People forget that, when Steve Jobs announced the device in January 2007, the industry was awash with handsets featuring tiny screens and fiddly keyboards.
With its then-huge 3.5in multitouch display and built-in accelerometer, the iPhone challenged an industry bereft of innovation. Most rivals scoffed. Wisely, Google changed course, reworking its in-progress Android hardware and software to follow Apple’s lead.
Will iOS become more open in future like Android? Things might be changing, given the lawsuits on that subject that Apple is currently facing. Oddly, though, the original iPhone was at once very closed and very open. Apple’s plan was for developers to use web apps to extend its functionality – the definition of an open ecosystem.
But people complained, the jailbreaking community showed what was possible with native apps, and the company relented. A year later, the first new app on every iPhone was the App Store. And then presumably something to make fart noises.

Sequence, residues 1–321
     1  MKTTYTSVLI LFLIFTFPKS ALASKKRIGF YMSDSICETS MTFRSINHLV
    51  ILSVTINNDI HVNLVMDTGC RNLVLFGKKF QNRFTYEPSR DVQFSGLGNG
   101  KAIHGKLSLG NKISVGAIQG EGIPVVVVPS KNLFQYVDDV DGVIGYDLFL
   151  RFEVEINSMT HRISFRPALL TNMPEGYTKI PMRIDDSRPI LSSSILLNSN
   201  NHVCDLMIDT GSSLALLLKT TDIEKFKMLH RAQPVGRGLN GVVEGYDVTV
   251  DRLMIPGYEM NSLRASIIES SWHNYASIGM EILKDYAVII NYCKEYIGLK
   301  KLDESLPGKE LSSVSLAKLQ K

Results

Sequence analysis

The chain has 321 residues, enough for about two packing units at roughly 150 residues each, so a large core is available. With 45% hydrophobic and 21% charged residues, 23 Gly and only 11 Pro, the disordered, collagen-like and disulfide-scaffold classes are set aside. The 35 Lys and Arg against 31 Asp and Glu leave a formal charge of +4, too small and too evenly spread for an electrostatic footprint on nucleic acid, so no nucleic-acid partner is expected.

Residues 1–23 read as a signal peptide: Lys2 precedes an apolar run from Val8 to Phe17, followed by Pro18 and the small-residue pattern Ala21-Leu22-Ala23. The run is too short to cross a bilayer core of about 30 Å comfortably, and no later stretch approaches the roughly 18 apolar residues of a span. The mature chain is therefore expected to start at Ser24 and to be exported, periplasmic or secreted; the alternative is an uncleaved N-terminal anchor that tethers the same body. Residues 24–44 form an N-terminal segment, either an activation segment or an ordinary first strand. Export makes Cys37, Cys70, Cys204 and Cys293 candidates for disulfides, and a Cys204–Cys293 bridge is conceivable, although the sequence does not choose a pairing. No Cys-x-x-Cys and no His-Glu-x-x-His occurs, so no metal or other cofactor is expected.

In sheer numbers, Android dominates due to its prevalence on cheap devices. But in places like the US and UK, Apple is actually ahead. The real winner, though, is the iPhone vision of a little blank canvas that can be anything.
“A widescreen iPod with touch controls; a revolutionary mobile phone; a breakthrough internet communicator. Are you getting it? These are not three separate devices. This is one device – and we are calling it iPhone.”
Steve Jobs, 9 January 2007
The black rectangle took over, ousting cameras, music players, e-readers, consoles, TVs, musical instruments and even PCs from people’s lives. Soon, your entire existence will comprise you, a chair and a black rectangle. Funny how a device that revolutionised tech led to so much of it looking exactly the same.
Three months after launch, Apple binned the 4GB iPhone and lopped $200 off the 8GB one. Early buyers griped; Apple gave them $100 credit. There’s a moral here, but we’re not sure what it is.
Watch Steve Jobs unveil the original iPhone at Macworld 2007 here: